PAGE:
Let’s say you’ve broken down your prices by service. You offer organic search engine optimization, PPC management, and landing page creation.
Currently, most clients retain you for organic search engine optimization and PPC management, but not many are willing to pay for landing page creation.
Why, though? You boast conversion rates significantly higher than industry benchmarks, so it’s puzzling why so very few people take advantage of this service.
You boast conversion rates significantly higher than industry benchmarks, so it’s puzzling why so very few people take advantage of this service.
The problem could be in your phrasing.
Instead of focusing on how much business your clients could potentially gain by using your service, focus on explaining it regarding how much business they stand to lose.
For example, instead of:
“On average, clients who leverage our landing page services gain 5% more customers per campaign.”
“Clients who don’t take advantage of our landing page services lose out on an average of 5% more customers per campaign.”
Bonus: Tie that 5% loss to a monetary amount to reflect just how much it could affect your client’s bottom line.
If your landing page service is as powerful as you say it is, provide it for free the first month. When it comes time for the client to decide whether or not to spend an extra $200 monthly, they’ll have a hard time saying “no” if you prove the value of your landing pages.
The fear of losing out on 5% more business per campaign will set in, and they’ll have no choice but to say “yes” to your additional service.
If you’ve been marketing to start-ups and small businesses, it might be time to go after bigger fish. Why?
Simply, they have more money.
In economics, this is referred to as the total expenditure effect. It states that the higher percentage a cost is in relation to total income, the harder it is to justify spending money on it.
Let’s look at it in a more basic way.
If I’m a small beverage start-up looking for marketing assistance, and I stumble across an agency that charges a $10,000 monthly retainer, there’s a good chance I’m going to shy away from it. That’s a lot of money for me because I’m not currently bringing in enough to justify spending ten thousand per month.
On the other hand, if I’m Coca-Cola, on the hunt for new representation, I’m going to have no problem spending that kind of money on monthly basis. It’s chump change to the soda giant.
If you want a fatter wallet, start targeting businesses with deeper pockets.
When we seek the solution to a problem, we often try to gauge how much we’re going to have to spend on that solution to reap its benefits, and how long it will take for those benefits to appear.
This is known as the “end benefit effect,” and it’s relevant to the way you market your agency to clients.
For example, let’s say a prospect is deciding between you and another agency. Your retainer is $2,500 monthly, and you’re looking for them to sign a 6-month contract.
On the other side, your competition’s retainer is only $1,000, and they’re pushing for a 6-month contract as well.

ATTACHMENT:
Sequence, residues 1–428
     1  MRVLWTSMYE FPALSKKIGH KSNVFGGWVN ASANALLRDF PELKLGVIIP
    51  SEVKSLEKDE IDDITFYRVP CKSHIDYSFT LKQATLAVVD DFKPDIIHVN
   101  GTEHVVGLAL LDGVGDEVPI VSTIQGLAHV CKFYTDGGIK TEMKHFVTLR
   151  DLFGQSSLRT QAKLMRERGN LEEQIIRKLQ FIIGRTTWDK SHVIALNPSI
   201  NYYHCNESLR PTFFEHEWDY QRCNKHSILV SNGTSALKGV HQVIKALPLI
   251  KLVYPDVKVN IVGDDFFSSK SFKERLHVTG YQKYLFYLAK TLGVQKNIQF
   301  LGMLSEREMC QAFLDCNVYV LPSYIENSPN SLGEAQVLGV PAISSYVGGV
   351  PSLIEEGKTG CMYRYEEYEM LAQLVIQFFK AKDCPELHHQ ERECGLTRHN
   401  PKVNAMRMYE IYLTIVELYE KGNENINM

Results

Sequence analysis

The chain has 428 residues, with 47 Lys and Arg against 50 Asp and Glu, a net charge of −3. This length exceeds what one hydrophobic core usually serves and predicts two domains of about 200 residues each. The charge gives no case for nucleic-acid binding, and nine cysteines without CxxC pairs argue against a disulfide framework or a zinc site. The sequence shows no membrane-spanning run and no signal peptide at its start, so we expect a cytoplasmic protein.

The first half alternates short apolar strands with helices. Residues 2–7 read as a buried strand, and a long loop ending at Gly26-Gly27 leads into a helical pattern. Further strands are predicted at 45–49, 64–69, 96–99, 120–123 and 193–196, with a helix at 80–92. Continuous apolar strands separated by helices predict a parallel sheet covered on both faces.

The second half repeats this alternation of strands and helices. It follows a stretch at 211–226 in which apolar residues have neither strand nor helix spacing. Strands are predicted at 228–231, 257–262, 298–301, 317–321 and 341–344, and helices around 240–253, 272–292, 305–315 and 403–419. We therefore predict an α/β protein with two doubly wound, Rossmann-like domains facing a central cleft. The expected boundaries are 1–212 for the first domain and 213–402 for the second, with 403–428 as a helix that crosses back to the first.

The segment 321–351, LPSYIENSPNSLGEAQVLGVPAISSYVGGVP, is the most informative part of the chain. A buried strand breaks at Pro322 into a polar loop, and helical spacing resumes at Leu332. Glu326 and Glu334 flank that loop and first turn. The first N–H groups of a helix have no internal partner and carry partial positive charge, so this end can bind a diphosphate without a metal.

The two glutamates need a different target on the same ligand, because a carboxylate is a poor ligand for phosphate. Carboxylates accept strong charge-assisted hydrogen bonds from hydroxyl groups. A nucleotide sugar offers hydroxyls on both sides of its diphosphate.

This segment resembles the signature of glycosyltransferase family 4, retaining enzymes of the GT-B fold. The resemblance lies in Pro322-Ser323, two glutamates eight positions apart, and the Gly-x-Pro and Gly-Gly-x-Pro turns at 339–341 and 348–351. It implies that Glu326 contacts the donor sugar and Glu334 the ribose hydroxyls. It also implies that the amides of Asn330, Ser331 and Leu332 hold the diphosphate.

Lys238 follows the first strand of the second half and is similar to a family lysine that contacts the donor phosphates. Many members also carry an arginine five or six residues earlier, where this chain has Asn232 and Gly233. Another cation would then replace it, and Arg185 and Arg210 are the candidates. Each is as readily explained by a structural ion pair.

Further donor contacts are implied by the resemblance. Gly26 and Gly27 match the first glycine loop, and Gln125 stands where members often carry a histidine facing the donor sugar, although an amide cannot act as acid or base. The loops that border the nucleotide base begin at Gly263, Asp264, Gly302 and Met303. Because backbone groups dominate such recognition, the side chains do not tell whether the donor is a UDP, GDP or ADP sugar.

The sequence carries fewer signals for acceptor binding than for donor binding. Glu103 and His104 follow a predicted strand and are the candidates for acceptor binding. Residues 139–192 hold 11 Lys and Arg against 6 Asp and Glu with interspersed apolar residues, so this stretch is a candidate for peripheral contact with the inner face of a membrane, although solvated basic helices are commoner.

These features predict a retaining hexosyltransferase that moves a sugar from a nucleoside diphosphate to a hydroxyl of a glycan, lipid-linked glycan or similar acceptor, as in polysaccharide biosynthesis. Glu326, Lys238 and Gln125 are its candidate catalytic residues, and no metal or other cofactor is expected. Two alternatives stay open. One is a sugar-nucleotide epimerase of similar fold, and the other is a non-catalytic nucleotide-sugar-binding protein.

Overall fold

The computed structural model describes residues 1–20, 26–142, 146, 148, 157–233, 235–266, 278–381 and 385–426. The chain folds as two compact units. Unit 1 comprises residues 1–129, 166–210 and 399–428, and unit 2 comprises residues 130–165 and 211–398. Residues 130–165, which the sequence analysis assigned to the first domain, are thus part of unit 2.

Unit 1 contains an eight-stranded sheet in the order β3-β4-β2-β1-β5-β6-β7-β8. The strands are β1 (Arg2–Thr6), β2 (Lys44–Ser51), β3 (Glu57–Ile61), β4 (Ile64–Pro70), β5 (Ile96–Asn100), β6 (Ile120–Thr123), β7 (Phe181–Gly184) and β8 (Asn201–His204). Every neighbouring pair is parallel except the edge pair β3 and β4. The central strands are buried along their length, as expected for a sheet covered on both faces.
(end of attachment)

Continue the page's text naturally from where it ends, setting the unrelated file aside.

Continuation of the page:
To the average business owner, the choice here is a no-brainer. You’re more than twice the cost of your competition.
However, let’s say you find out that client’s goal is to double website traffic.
Because you have a larger staff than your competition, and fewer, but bigger, clients, you can focus a lot of your efforts on this potential client’s needs. You explain to the to the prospect that you’re confident you can double their website traffic in just the six month contract period.
The client is happy with that, and goes back to the smaller, cheaper agency to ask the same question -- and when he finds out the answer, he’s not happy.
An account manager at the agency explains that they don’t have the manpower to double website traffic in just six months, but they expect they could do it in eighteen.
All of a sudden, your agency is looking pretty appealing. Eighteen months at $1,000 a month is $18,000 – which is three thousand dollars more than what you charge for doing the job three times as fast.
By conveying to clients in great detail what you can do for them, how much it will cost, and how quickly you can do it, you can put yourself in a better position to justify a more costly retainer.
Viral publisher Buzzfeed gets a whopping 50% of its traffic from social media, and only .24% from display advertising.
So what does that tell us?
If Buzzfeed were to hire a marketing agency, they would look for one with strong social media skills, and not necessarily display advertising services.
So if your area of expertise is display advertising, then you’re probably not going to market to businesses like Buzzfeed.
If your agency’s expertise is Instagram, you’re going to want to sell to the fitness junkies and foodies who dominate the platform.
If what you know best is Twitter, marketing to the many writers that use the social network might be a better choice.
Knowing the kinds of businesses that need your services will help you figure out who can’t live without your agency. And the ones who can’t live without you, are willing to pay more for you.
How will you sell your clients on a heightened retainer? Let us know in the comments, then use the tips above to build a persuasive landing page that convinces your clients to pay what your services are worth.